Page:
They are aware of their concerns, yet, cognitively decide to focus on what they have control over, they are mindful of the present, aware of the negatives, frame them, but intently select the positive to manufacture happiness. Indeed, happiness is an emotional and a cognitive skill (see Part I, points 4 emotional awareness point & 7 manage your emotional energy).
Resilient people have an inner and outer focus, and yet, it’s the way they process emotions and events that allows them to synthesize happiness. When you tell yourself: “Nothing makes me happy today”, reframe your emotion and stick to the facts. A good question to ask is: “Am I sure that there is not one single small thing which provides me the feeling of happiness? Not a single element of my life today?”
14. Engage into Doing What you Love
When facing adversity, your will power is a determinant of your resilience. Doing what you love, no matter whether it is in your personal and or professional life, boosts your will power, your wellbeing, and therefore your resilience. Doing what you love, strengthens your optimism and motivation (see Part II point 9), recharges your positive energy, self-confidence, happiness hormones, and allows you to make better decisions. Discovering a talent and turning it into a strength (Part I, point 5 Inner awareness: your accurate self-assessment) thanks to practice and added knowledge is an effective way of finding what you love doing.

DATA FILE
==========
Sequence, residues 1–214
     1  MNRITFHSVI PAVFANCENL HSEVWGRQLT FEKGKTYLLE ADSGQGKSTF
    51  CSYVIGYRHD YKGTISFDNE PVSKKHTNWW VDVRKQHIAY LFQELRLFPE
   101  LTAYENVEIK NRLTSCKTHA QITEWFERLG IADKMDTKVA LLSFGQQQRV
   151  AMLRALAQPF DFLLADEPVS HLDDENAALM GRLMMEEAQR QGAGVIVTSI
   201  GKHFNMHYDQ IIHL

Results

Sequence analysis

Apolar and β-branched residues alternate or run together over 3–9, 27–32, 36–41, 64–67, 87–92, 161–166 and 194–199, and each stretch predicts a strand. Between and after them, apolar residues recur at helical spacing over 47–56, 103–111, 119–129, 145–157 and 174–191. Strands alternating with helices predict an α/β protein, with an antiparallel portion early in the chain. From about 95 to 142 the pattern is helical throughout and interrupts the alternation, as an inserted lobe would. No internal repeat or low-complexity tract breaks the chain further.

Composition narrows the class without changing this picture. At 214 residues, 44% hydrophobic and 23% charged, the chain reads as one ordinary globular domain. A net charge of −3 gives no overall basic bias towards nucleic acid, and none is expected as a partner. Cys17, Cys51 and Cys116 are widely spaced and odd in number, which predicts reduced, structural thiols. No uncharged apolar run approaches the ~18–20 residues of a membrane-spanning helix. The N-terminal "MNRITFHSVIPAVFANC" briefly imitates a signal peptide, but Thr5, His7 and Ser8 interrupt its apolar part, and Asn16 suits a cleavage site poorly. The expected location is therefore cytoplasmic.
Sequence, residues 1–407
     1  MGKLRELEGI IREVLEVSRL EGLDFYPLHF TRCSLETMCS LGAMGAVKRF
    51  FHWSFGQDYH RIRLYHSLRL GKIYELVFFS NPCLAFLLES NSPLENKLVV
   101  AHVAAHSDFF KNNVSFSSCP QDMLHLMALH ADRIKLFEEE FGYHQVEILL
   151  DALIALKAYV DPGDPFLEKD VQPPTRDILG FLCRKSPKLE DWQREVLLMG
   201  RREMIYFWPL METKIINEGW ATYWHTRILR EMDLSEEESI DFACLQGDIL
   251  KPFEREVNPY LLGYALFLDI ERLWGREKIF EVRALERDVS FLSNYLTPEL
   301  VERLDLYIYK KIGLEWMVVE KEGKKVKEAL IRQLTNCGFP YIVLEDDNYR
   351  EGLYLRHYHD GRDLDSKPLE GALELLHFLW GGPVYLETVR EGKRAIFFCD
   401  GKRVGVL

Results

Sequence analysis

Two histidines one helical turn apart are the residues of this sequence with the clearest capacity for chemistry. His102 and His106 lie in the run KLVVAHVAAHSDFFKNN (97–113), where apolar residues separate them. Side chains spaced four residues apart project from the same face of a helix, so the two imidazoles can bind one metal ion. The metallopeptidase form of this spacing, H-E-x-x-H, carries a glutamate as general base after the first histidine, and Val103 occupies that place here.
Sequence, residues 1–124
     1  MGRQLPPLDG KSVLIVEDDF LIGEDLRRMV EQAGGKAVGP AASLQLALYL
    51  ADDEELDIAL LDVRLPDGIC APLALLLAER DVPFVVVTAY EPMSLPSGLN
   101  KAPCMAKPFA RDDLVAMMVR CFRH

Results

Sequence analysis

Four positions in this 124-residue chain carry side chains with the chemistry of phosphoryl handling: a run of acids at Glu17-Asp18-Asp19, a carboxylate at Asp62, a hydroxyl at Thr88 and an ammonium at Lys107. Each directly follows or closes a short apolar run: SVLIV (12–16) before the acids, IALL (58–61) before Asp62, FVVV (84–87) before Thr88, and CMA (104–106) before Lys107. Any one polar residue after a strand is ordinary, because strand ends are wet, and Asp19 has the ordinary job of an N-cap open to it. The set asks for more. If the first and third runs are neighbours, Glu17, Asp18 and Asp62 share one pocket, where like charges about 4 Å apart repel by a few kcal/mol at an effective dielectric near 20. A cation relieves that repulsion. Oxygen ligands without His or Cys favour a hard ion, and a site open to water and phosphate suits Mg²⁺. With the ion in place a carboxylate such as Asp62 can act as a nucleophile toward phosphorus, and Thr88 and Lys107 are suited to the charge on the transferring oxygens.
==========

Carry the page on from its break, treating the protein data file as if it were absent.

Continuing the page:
Dr. Martin Seligman, Ph.D., the father figure of positive psychology refers to finding your signature strength and immersing yourself into it, to reach a state of flow; the feeling of effectiveness, effortless absorption, and fulfillment.
I recommend you try an online strength test finder. One of my clients was concentrating on her weaknesses; doing that test allowed her to gain self-awareness of her strengths, and re-enforced her resilience. Your strengths directly contribute to your happiness and therefore your resilience.
15. Show Gratitude: Apply the 3 x 21 Rule
Gratitude impacts your happiness and your resilience. Gratitude is a skill, a positive and a social emotion, an attitude and so much more. My saying is that it is also a cognitive effort…at least when you start practicing it.